Naming more than a handful of Peruvian sports stars, let alone events, may be a challenge for even the most avid sports fan. Peruvian sports successes on the world stage come few and far between, due largely to a lack of investment. Nevertheless, sports remain an integral part of Peruvian culture, from the passion for soccer to the controversy of the bullfighting arena.
01 of 08
Soccer, football, or fútbol, is the most popular sport in Peru. Success on the field has wanned since the glory days of the 1970s. The team hasn't qualified for the World Cup since 1982. But Peruvians still love the game, so you'll find plenty of opportunities to play during your travels.
- Famous Players: Teófilo Cubillas (called the Pele of Peru), Nolberto Solano, Juan Manuel “Loco” Vargas, Claudio Pizarro, Paolo Guerrero
- Top Teams: Alianza Lima, Real Atlético Garcilaso, Universitario de Deportes
02 of 08
Soccer remains a male-dominated sport in Peru, but the female population takes control of the volleyball courts. The national women’s team is a major player on the world scene, occupying 11th place in the FIVB Senior World Rankings as of January 2011. At a recreational level, volleyball provides a sporting and social activity for women of all ages. Some “friendly” contests become quite serious, particularly when the female competitors decide to play for money.
- Famous Players: Cecilia Tate, Gabriela Perez de Solar, Natalia Málaga (considered Peru's queen of volleyball)
03 of 08
Surfing is popular along the length of Peru’s extensive coastline, with some world-famous waves in the north near Máncora and Puerto Chicama. Thanks to the Pan-American Highway, visiting surfers can easily travel the length of the coast, stopping off at Peru’s various surfing hotspots.
- Famous Peruvian Surfers: Felipe Pomar (1965 World Surfing Champion), Sofía Mulánovich (2004 World Open Champion, Surfers' Hall of Fame 2007) Luis Miguel "Magoo" De La Rosa (ISA World Masters Surfing Championship 2007 leader), and Cristobal de Col (2011 World Junior Champion)
04 of 08
Tennis remains a niche sport in Peru, one typically played by affluent city-dwellers. Public courts are rare outside the big cities, but you can often find a court or two in resorts and recreation centers. Despite the game’s niche status, Peru has still managed to produce some notable tennis players.
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- Famous Players: Jaime Yzaga (defeated Pete Sampras in the 1994 US Open), Luis Horna (winner of the men's doubles title in the 2008 French Open)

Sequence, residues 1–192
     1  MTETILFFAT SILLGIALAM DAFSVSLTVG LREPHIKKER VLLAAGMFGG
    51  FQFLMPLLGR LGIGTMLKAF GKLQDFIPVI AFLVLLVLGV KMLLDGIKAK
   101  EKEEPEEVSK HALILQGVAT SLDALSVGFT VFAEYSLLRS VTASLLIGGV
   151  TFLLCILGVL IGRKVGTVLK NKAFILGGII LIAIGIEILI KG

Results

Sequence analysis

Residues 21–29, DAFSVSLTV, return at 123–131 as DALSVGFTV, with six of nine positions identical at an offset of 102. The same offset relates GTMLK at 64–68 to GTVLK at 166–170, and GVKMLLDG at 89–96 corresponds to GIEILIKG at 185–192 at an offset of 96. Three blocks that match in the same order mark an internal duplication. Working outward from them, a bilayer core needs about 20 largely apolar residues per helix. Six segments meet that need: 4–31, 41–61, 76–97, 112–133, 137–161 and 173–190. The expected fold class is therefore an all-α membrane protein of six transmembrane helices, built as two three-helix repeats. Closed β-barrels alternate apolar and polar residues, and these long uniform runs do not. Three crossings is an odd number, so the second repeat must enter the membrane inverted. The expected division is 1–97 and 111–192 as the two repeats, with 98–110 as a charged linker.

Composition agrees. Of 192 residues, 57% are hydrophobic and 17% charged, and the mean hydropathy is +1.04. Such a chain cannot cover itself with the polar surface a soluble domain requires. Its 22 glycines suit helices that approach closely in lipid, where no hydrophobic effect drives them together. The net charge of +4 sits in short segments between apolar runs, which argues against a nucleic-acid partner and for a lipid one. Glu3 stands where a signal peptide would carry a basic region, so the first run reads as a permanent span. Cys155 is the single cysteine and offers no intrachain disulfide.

05 of 08
Boxing and Martial Arts
Boxing is a minor sport in terms of participation, but the rise of Kina Malpartida sent television viewership through the roof. In 2009, Malpartida won the WBA World Championship super featherweight title, followed by a string of successful defenses. She quickly became a media sensation in Peru, despite the general lack of interest in the sport as a whole.
Taekwondo doesn’t have such a popular figurehead, but the sport has been growing in popularity since the 1970s. Taekwondo clubs are common throughout Peru.
06 of 08
Peru’s main domestic motor racing event is the Caminos del Inca Rally, an annual rally attended by some of the world’s top drivers. The route starts in Lima, passing through Huancayo, Ayacucho, Cusco, and Arequipa before heading back to the capital. The years 2012 and 2013 have both seen stages of the famous Dakar Rally in Peru.
Motorbikes outnumber cars in many Peruvian towns, so the rise of motocross was almost inevitable. Off-road circuits vary in size and structure, but the events are always exciting. If you have the chance, try to catch a Motokar Cross competition, a race between souped-up mototaxi rickshaws piloted by one driver and one copilot, the latter clinging to the back seat (read more about racing mototaxis here).
07 of 08
Bullfighting is a popular spectator sport in Peru, despite public opinion showing signs of a shift from universal respect to revulsion. In 2008, a poll conducted by the University of Lima found that nearly 80 percent of Lima residents disagreed with bullfighting, according to the Spanish-language Peru21 website. Opinion in the Peruvian capital is not always in line with the provinces, but it’s a telling figure nonetheless.
- Main Event: Bullfights at Lima’s Plaza de Toros de Acho during the annual Señor de los Milagros festival in October and November
08 of 08
Most Peruvian towns support at least one cockfighting arena. These bouts of small-scale gruesomeness often attract large crowds, with the assembled masses placing bets on the unfortunate gallos de pelea (fighting cocks). As with bullfighting, the merits of cockfighting tend to divide opinion among Peruvians. Cockfighting events are legal and completely open to outsiders, so feel free to attend if you’re curious about cockfighting culture, but be warned that it's not a pretty sight.